Have you ever noticed that you’re capable of hearing your instrument clearly even when you’re performing with a full-on orchestra? It’s this type of rewiring that allows artists to pick out different sounds with enhanced acuity. Furthermore, this quality might prove to be efficient in language training for people with speech impediments, which is a huge plus.

5. A Healthier Mind

Did you know that playing a classical instrument is good for your mental health? So found Finland’s Jaakko Erkkilä with the University of Jyväskylä (UJy). His research showed that patients who participated in music therapy for three months showed significant improvements in terms of anxiety and depression levels.

These patients were also observed to be handling their daily tasks better. What’s more, the benefits persisted for at least three more months after the study had ended. The control group that relied solely on talk therapy didn’t perform as well, which goes to show that music is a great outlet for negative emotions.

The benefits of musical training on the mind don’t end there. We’ve already discussed them in terms of stress and anxiety, but it’s important to note at this point that melodies improve the quality of your sleep, as well.

Finally, mastering the intricacies of classical music composition and execution instills you with a sense of achievement that’s hard to replicate with other activities. This will boost your self-confidence and give you something prolific to focus on. And that serves to nurture your soul and ease your mind in the process.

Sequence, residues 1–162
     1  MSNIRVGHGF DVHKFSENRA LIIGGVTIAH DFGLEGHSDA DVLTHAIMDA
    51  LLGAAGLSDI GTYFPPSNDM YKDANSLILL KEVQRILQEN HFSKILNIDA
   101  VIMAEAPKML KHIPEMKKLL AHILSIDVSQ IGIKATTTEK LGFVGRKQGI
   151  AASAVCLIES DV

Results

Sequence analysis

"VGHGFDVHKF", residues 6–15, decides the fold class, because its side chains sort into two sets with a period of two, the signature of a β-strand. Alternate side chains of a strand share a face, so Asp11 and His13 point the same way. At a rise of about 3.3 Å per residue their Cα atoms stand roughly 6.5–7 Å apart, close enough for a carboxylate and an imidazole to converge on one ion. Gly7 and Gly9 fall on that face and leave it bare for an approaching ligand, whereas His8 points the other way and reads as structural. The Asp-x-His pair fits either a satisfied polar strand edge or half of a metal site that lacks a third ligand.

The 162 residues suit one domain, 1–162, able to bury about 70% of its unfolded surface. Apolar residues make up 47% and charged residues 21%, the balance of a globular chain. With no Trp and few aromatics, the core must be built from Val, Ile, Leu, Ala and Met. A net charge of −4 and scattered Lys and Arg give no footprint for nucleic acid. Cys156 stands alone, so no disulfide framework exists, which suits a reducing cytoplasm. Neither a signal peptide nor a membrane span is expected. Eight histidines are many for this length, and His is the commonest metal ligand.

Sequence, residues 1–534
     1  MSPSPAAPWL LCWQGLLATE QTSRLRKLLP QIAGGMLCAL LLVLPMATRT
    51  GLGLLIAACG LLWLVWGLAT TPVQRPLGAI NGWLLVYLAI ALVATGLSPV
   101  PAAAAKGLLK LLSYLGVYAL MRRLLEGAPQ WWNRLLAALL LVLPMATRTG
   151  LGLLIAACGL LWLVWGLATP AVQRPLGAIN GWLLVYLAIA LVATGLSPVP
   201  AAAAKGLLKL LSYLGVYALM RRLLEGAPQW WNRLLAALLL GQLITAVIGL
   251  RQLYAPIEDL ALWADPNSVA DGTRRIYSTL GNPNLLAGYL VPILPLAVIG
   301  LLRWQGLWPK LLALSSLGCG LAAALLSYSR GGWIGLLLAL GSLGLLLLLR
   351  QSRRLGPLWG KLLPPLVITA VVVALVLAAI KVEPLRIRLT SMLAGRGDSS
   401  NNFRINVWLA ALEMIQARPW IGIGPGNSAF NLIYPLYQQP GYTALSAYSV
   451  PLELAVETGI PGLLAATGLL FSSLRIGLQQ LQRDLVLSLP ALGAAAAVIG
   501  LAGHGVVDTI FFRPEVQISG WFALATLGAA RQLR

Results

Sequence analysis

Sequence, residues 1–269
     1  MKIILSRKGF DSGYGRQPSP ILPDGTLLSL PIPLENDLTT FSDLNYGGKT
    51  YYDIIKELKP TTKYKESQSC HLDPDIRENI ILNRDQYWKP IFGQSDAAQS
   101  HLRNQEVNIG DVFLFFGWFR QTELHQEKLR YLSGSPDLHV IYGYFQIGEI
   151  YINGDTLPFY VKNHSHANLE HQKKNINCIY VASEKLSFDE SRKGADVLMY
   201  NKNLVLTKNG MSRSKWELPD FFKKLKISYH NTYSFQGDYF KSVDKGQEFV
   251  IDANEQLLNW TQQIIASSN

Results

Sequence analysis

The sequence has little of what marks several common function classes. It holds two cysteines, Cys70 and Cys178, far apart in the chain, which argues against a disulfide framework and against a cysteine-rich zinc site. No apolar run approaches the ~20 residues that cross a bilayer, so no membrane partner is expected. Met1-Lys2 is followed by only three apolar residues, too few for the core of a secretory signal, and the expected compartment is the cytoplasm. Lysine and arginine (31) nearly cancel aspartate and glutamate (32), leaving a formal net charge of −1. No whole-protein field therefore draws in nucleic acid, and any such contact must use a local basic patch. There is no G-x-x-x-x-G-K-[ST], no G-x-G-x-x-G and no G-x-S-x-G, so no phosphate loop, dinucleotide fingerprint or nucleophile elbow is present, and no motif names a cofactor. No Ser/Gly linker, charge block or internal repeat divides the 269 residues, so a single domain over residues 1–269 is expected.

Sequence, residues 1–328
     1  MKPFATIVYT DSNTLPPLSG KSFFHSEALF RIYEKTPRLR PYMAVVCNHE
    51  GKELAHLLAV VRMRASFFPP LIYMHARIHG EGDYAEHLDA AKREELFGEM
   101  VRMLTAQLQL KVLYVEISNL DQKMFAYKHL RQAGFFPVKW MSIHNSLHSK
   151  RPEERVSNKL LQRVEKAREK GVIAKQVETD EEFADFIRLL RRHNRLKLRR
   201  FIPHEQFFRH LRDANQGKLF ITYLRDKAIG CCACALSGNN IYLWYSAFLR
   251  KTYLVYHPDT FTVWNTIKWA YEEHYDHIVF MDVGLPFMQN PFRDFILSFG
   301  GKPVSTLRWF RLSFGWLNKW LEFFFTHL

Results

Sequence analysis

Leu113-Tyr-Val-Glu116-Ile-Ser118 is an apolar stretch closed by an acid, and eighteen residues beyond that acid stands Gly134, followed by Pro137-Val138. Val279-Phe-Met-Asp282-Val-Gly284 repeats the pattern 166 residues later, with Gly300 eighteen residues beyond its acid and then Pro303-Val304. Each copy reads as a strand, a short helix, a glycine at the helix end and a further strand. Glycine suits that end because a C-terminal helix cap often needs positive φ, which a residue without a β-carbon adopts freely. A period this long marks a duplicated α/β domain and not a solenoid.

6. Proper Spinal Posture

Playing a classical instrument is the best way to learn proper posture. Cheating on this might be tempting, but you’ll notice the quality of your performance decreasing when you don’t keep your stance in mind. For example, piano players who keep their spines aligned are more relaxed. And that gives them more control over the keys and the outcome.

Depending on your instrument of choice, requirements in this category vary. The one universal rule you need to keep in mind is that proper posture isn’t only beneficial to the quality of your music but also to your spinal health, as well. To avoid back pain and other complications in the future, think about that.

Playing a classical instrument lowers your blood pressure, which in turn leads to decreased stress levels. On top of that, it also improves your immune system and brain function, which diminishes the risk of various diseases. Your mental health will also change for the better and so will your hearing and posture.

All in all, there are plenty of reasons to convince you to consider learning a new art. So, what are you waiting for? Now is the time to start those lessons that you’ve been dreaming of but keep putting off.

Jason Antoon is a music teacher with a keyboard performance certificate from California College of Music (CCM). He also runs DigitalPianoExperts, an online resource for digital piano reviews and tips.